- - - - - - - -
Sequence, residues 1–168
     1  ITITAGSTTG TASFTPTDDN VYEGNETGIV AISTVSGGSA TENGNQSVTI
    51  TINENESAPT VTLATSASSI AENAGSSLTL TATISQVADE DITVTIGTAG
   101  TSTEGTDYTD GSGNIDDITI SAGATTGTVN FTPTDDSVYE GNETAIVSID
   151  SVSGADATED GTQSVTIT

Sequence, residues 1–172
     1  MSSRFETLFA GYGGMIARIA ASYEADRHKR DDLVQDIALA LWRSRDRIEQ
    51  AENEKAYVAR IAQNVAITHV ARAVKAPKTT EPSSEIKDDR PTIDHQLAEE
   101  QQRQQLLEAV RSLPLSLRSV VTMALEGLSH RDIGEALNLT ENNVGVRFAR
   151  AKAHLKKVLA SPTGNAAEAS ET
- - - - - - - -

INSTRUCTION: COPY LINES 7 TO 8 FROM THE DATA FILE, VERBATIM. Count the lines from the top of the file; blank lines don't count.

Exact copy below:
     1  MSSRFETLFA GYGGMIARIA ASYEADRHKR DDLVQDIALA LWRSRDRIEQ
    51  AENEKAYVAR IAQNVAITHV ARAVKAPKTT EPSSEIKDDR PTIDHQLAEE